The government’s decision to release families on bridging visas is a positive step but the omission of work rights from the policy will put asylum seekers at high risk of destitution, says Jesuit Refugee Service Australia. “Denying families the right to work is a contravention of their human rights, and places them in the invidious position of being a burden to the community,” says the Director of JRS Australia, Fr Aloysious Mowe.
Fr Mowe says JRS hopes the “adequate support” promised by the government will be truly adequate, and that at-risk families with children are not compromised. In the past, asylum seekers deemed in need of support have been given 89 percent of the minimum Centrelink entitlement – around $200 a week.
“While this may have been regarded as ‘adequate’ for a short period of time, the reality today is that the affected asylum seekers will be living in the community for extended periods of time because of the large numbers waiting to be processed. Even if they have been processed they will continue to live in the community with no work rights because the government has pledged not to grant them permanent visas in accordance with its ‘no advantage’ policy,” he says.
“The 89 percent of minimum Centrelink entitlements is no longer a rational or humane way of calculating what is adequate for asylum seekers, and the government must thoroughly reassess the needs of the asylum seekers that it places in the community.”
Meanwhile, the transfer of children to Curtin Immigration Detention Centre in Melbourne and Wickham Point near Darwin contravenes the government’s own stated principle of keeping children out of detention.
“This government gets around its repeated pledge not to place children in detention centres by reclassifying sections of detention centres as APODs, or Alternative Places of Detention,” says Fr Mowe.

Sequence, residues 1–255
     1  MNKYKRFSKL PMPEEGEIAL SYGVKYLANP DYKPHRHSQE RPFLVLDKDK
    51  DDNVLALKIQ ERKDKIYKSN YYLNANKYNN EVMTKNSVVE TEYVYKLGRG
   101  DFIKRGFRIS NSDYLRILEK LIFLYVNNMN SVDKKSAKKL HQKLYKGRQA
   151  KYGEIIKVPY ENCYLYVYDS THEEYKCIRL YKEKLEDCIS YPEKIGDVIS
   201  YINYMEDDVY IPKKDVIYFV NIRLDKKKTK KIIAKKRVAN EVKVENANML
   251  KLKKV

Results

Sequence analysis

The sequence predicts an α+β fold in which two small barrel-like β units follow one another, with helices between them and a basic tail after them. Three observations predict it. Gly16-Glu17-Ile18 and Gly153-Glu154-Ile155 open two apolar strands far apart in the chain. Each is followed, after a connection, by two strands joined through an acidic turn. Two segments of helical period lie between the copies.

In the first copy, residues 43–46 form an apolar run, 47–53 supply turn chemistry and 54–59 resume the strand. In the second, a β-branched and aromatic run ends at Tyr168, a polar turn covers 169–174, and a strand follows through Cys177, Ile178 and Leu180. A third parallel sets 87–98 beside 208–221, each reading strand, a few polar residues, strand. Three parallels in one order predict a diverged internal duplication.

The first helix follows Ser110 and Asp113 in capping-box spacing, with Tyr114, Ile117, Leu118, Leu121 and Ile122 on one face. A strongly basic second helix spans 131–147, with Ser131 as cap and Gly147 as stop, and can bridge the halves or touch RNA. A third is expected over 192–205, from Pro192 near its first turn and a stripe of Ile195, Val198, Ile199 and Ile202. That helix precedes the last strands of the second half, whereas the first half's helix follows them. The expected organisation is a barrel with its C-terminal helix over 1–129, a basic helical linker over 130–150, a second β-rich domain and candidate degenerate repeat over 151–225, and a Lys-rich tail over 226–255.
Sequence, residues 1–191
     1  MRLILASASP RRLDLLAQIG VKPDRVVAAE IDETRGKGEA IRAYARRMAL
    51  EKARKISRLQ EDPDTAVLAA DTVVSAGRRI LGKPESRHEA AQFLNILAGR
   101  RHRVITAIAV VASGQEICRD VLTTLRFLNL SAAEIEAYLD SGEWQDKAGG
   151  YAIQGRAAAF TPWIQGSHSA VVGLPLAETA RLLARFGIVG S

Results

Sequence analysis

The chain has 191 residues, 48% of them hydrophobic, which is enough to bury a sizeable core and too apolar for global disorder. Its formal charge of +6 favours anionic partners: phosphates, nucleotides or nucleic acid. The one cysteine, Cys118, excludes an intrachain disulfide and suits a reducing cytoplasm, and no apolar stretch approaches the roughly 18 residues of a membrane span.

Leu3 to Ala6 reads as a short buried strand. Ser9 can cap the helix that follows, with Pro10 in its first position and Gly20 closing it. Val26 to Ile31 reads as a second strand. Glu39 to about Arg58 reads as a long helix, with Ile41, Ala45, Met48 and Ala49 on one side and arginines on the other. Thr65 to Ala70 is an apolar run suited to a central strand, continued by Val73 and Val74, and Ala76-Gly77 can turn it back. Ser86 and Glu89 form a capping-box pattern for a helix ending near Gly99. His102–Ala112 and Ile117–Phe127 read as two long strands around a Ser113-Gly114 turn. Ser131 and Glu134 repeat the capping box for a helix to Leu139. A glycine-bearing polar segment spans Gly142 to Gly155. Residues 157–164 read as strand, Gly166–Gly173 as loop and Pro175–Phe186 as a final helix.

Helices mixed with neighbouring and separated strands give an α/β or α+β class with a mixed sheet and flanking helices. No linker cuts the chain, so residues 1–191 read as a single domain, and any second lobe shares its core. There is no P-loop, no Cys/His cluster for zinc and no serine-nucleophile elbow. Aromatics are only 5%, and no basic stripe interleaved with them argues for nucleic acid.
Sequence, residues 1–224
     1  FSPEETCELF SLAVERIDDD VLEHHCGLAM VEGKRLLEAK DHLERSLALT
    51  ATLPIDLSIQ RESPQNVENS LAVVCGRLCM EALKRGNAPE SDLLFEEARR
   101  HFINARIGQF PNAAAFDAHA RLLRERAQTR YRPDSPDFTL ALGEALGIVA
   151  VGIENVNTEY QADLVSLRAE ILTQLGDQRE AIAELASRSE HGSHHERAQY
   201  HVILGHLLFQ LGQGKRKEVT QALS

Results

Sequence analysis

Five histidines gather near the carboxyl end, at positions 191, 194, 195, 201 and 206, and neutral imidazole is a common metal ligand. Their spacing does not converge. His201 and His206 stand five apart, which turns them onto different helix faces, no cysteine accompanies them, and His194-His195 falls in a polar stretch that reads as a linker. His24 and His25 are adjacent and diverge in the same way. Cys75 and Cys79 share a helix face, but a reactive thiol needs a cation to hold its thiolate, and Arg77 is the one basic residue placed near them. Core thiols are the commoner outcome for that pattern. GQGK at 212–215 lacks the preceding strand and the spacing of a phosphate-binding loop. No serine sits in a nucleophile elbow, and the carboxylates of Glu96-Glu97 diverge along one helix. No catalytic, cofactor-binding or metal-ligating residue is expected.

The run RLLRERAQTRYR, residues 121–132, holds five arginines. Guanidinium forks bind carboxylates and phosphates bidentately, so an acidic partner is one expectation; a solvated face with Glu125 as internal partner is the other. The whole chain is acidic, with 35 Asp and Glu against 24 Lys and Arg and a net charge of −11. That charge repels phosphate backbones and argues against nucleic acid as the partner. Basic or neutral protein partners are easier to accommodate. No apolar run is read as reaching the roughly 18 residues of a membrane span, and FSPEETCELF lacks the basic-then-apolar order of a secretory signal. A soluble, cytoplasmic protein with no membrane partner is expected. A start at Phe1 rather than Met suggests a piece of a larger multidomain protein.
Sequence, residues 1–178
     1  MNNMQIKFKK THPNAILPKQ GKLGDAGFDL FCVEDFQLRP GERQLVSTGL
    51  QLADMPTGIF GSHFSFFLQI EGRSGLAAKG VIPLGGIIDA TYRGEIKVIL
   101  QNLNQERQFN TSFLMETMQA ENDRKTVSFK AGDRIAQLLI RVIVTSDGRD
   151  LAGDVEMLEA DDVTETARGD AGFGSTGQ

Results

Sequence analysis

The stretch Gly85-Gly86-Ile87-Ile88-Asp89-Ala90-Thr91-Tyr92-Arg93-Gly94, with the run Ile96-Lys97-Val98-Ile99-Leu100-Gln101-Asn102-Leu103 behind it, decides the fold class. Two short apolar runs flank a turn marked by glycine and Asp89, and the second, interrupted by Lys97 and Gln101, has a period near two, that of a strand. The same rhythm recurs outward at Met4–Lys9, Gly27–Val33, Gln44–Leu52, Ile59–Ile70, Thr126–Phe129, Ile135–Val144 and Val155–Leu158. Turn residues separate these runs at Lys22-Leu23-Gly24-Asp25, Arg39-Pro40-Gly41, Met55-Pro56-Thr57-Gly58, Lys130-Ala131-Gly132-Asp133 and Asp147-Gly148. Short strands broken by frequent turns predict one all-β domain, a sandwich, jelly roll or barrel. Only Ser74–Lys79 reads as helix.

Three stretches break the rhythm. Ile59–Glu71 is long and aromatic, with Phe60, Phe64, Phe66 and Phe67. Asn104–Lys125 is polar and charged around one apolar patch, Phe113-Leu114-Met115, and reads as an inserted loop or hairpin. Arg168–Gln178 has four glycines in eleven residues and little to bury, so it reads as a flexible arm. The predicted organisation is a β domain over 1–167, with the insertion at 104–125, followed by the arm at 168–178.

“It does not matter what the government chooses to call these sections of the detention centres: the children are still being held in remote detention centres. Turning off the motion-sensor and electric fences does not magically transform a detention centre into a child- and family-friendly ‘Alternative Place of Detention.'”
The Department of Immigration’s own submission to a Parliamentary inquiry in 2011 admitted that “detention has an impact on children and families” and that it can be associated with “post-traumatic stress disorder, high levels of depression and poor mental health.”
JRS recognises the need for health, security and identity checks for asylum seeker families and children, but calls on the government to do this quickly and efficiently.
“The average time for this to take place is supposed to be three months according to current guidelines; the reality is that the average time recently has been almost five months. Given this fact, we have little confidence in the minister’s statement that families with children will be kept in secure detention facilities for ‘the shortest possible time.'”
JRS is calling on the government to set a benchmark of a few weeks at most, and to put resources into ensuring that it keeps its pledge.